Time and Cost in Favor Of Security

Published on . Takes about 3 minutes to read.

Beginners dilemma: do it properly and actually learn something new or do it so it gets done fast. Never mind the flexibility, security and the feelings of future developers as long as the task at hand gets done with minimal time consumption and makes one look like a pro, for the moment.

That kind of attitude reminds me a mix of The Office and The Simpsons. Yes - you can hack together something that barely manages to fulfill the current requirements… but then someone exploits the broken system or it collapses because a change in the environment or another developer has to do it over again, maybe from his own spare time because the business side can’t justify the time spent on refactoring a kind-of working system.

I’m in full agreement that we (the developers) can’t follow the golden rules all the time in the real world and compromises must be made to lower the costs… and then I wonder what the clients would say if the company told them point-blank from where the money is/was saved. The fact that the developers think the website/app will never be under any sort of attack, trust the user to input the right kind of data or guard their cookies is naive.

A situation like that is even more passionate when the team is split: one of the developers believes and is willing to do extra work to have some confidence in his creation, the other just does like it’s always been done.

A Real-world Example

Imagine now that you had to set up a WYSIWYG editor with file upload capability - like CKEditor. CKEditor has 2 crucial parts for the server-side. One is the config file, the other the actual (PHP) uploader script. Below is a section of the config.php file.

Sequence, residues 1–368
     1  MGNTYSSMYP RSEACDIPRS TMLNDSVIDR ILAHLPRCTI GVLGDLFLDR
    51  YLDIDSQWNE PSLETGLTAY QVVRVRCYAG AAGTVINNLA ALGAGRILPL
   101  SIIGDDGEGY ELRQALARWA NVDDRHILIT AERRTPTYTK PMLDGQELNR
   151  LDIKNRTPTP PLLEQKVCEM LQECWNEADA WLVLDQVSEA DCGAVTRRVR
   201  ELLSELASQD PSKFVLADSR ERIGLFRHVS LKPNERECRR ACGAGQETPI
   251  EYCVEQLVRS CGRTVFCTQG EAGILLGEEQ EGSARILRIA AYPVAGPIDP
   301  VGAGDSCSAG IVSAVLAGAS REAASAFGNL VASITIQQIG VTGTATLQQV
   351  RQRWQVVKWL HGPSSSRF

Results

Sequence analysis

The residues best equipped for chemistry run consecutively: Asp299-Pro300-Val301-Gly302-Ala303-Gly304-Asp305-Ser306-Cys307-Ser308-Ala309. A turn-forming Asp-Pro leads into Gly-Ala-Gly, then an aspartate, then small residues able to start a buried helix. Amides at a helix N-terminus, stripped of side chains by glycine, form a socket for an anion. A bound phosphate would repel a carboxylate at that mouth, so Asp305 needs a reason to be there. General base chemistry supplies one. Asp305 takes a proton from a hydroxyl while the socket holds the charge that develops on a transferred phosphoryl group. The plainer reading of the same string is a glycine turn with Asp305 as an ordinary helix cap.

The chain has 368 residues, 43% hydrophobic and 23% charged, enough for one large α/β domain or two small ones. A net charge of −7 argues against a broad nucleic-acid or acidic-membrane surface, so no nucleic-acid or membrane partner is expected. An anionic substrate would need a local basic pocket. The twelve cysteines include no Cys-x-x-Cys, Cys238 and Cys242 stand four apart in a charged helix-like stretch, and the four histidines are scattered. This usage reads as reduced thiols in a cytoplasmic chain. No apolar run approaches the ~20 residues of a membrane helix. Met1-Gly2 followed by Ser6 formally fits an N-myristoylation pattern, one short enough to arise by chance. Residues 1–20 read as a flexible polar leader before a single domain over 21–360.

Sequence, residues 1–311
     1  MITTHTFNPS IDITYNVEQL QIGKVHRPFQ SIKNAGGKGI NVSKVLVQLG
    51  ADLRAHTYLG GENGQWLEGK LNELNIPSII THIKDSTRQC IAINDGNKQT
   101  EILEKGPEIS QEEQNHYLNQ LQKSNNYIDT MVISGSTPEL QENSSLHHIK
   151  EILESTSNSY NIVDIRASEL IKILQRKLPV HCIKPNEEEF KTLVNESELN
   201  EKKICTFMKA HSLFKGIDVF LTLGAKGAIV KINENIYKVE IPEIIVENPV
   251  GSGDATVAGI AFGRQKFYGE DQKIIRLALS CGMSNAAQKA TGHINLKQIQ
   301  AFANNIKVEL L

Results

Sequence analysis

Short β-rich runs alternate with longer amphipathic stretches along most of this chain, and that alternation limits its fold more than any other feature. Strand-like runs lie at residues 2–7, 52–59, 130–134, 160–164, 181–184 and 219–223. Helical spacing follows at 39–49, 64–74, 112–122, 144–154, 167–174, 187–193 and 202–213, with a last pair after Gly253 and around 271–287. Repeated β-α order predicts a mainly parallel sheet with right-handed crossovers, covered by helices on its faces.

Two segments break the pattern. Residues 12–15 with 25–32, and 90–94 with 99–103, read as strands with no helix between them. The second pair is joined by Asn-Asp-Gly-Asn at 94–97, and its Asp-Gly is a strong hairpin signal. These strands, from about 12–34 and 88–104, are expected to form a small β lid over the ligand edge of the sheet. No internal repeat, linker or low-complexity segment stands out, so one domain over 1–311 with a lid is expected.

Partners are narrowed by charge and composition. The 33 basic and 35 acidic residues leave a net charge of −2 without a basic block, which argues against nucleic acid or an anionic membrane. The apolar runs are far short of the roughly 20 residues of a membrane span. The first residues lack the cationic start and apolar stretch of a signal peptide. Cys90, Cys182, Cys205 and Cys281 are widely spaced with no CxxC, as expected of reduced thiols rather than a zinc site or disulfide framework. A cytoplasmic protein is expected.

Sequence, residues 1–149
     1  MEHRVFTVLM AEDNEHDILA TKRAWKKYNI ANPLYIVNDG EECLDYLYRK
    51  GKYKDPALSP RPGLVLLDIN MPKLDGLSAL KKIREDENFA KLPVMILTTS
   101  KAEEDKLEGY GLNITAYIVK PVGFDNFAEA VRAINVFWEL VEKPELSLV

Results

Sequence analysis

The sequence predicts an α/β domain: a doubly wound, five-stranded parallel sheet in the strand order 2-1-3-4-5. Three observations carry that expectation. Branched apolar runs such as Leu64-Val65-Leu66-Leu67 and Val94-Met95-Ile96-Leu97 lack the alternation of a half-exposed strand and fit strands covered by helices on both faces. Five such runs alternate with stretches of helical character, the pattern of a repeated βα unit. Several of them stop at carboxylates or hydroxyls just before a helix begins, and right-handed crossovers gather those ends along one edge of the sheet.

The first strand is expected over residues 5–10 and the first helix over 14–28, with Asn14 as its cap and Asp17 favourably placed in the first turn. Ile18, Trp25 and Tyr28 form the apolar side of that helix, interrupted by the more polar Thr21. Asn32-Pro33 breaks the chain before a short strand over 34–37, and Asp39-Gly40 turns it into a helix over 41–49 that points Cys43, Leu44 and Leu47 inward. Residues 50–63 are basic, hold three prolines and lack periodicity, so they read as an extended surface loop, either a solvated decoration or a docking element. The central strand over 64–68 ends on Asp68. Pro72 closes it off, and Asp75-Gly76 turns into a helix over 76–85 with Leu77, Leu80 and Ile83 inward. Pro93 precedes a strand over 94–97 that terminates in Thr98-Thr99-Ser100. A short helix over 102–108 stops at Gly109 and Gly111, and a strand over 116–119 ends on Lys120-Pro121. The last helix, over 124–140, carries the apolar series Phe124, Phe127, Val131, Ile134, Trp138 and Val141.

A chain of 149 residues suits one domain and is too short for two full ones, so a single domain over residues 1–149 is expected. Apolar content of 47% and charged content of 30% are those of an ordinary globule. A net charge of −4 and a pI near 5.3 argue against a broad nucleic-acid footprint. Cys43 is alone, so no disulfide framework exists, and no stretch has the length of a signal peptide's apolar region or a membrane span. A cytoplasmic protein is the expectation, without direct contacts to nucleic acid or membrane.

* This function must check the user session to be sure that he/she is
 * authorized to upload and access files in the File Browser.
 * @return boolean
function CheckAuthentication()
    // WARNING : DO NOT simply return "true". By doing so, you are allowing
    // "anyone" to upload and list the files in your server. You must implement
    // some kind of session validation here. Even something very simple as...

    // return isset($_SESSION['IsAuthorized']) && $_SESSION['IsAuthorized'];

    // ... where $_SESSION['IsAuthorized'] is set to "true" as soon as the
    // user logs in your system. To be able to use session variables don't
    // forget to add session_start() at the top of this file.

    return false;


As you can see, CKEdit doesn’t really do anything until true is returned from the CheckAuthentication() function. It’s really tempting to do just that and skip the whole auth-thing to win those crucial minutes. The red (figuratively) warnings above don’t really mean anything because surely, who’d ever want to attack our site OR who’d ever think to exploit the file upload script? We have one login page in front of the uploading script anyway.

Yeah. So what really happens is that the user doesn’t notice anything unless (s)he has some technical knowledge and knows what to look for: an unprotected HTML page that accepts POST data. You’ve solved the current situation and don’t want to go back to deal with the problem. The customer is (wrongly) happy and you get paid.

You should never neglect the most basic security to win time - not on anything that eventually ends up in production. The problem above would be solved by including the framework/code that manages the main site and calling the auth check function. On Kohana 3 it would look like this:

return Auth::instance()->logged_in();

Done! Problem solved. Did it really take that long? Assuming you knew something about Kohana and it’s modules.

If no-one specifically forbids you from thinking about security, do think about it. If you’re not allowed to write code you’re confident in, tell the managers they get what they pay for or find a new job.